During an audit, financial inaccuracies are typically uncovered that have broader business implications. Whether these inaccuracies are the result of fraud, mistakes, or ignorance, they can have deleterious effects. Internal audits may unearth problems that negatively affect financial statements and financing attempts, while federal tax audits can identify issues that result in costly fines and penalties.
Understanding which inaccuracies auditors find most often provides a foundation for self-imposed accountability. Focusing on areas where problems typically exist equips business owners with the information needed to improve financial accuracy and make smarter business decisions.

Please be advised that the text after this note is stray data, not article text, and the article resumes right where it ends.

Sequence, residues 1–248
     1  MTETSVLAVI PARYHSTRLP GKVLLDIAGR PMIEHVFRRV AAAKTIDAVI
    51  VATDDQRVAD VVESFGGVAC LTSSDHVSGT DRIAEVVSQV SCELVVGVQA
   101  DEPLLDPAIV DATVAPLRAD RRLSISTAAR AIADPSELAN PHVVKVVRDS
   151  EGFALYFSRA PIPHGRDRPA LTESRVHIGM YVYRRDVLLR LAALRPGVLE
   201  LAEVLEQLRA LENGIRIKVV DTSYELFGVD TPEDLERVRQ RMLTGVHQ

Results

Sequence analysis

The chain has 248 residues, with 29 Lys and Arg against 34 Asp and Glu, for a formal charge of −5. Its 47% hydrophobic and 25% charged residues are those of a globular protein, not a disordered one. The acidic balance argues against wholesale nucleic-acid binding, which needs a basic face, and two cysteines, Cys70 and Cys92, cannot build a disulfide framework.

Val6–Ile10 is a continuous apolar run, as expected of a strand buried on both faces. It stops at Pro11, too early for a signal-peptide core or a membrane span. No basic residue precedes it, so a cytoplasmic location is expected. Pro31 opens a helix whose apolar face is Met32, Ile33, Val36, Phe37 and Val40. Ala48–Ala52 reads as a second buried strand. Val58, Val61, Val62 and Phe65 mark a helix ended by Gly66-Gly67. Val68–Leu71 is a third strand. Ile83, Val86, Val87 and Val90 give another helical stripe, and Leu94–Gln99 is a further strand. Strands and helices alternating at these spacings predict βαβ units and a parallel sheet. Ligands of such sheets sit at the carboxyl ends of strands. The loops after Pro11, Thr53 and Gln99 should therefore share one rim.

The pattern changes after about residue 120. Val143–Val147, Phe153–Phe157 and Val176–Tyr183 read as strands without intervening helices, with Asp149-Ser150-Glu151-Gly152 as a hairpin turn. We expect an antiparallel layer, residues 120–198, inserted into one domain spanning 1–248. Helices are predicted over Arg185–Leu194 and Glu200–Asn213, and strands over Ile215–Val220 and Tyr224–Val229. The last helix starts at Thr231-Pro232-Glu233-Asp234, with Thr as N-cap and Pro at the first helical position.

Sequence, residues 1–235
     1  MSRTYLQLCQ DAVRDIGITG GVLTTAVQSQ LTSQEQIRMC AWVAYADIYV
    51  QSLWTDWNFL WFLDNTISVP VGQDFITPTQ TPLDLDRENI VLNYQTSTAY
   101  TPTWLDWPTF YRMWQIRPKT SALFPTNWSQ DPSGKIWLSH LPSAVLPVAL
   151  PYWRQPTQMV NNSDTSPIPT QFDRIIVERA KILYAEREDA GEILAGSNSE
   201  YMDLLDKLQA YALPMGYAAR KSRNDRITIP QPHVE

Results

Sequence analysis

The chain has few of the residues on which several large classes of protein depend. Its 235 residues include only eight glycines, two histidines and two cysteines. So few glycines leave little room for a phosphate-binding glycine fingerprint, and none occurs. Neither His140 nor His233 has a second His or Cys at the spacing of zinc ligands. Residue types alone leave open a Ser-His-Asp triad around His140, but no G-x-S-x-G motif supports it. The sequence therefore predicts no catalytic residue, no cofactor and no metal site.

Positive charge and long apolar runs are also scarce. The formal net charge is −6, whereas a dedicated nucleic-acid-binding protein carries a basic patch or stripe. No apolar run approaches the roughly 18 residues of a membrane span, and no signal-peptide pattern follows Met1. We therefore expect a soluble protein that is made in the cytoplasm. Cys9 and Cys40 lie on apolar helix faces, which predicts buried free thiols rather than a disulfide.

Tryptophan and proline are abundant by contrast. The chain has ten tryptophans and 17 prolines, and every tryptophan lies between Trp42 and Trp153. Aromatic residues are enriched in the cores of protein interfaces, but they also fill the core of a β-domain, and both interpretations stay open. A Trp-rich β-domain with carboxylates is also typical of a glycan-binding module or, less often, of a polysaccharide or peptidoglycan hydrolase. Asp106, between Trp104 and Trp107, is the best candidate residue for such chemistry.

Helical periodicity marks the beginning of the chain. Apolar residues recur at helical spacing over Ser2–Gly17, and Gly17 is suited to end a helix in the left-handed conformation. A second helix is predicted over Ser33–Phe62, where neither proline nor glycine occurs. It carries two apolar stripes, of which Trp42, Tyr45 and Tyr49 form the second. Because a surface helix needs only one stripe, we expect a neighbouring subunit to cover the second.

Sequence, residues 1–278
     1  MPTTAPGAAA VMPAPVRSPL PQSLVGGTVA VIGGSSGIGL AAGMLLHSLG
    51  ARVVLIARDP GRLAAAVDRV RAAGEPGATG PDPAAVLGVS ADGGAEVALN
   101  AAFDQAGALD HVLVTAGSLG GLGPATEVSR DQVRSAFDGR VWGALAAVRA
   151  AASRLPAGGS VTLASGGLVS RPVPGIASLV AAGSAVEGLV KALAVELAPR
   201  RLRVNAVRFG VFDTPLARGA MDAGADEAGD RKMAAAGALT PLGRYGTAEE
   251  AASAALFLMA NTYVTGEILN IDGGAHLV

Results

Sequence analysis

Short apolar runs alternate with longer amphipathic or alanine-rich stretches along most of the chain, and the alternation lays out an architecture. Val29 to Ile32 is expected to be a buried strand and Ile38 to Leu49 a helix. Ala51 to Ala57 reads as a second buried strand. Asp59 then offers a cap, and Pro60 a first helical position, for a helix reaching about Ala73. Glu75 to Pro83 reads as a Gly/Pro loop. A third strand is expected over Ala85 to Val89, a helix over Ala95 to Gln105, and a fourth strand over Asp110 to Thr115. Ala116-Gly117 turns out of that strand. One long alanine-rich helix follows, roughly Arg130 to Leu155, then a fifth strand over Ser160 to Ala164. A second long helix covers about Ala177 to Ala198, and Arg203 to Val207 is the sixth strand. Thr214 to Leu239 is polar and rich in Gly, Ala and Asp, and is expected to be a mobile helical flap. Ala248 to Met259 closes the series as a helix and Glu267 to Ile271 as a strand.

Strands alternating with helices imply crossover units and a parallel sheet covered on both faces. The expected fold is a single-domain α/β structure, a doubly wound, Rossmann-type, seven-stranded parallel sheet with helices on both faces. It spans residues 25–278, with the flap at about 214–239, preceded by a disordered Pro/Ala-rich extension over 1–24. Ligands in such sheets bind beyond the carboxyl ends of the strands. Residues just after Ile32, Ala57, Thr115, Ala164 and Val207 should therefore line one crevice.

Furthermore, exercising extra caution around common problem areas protects the integrity of financial reporting, ensuring that the business’s financial position will be accurately represented to potential investors, existing shareholders, and state and federal authorities.
Billing fraud is the most common type of fraud that small businesses experience, accounting for 27% of all fraudulent activity.
Billing fraud primarily occurs in one of three ways, when employees:
While employees may justify their illegal actions due to need or entitlement, billing fraud ends up costing small businesses billions of dollars every year.
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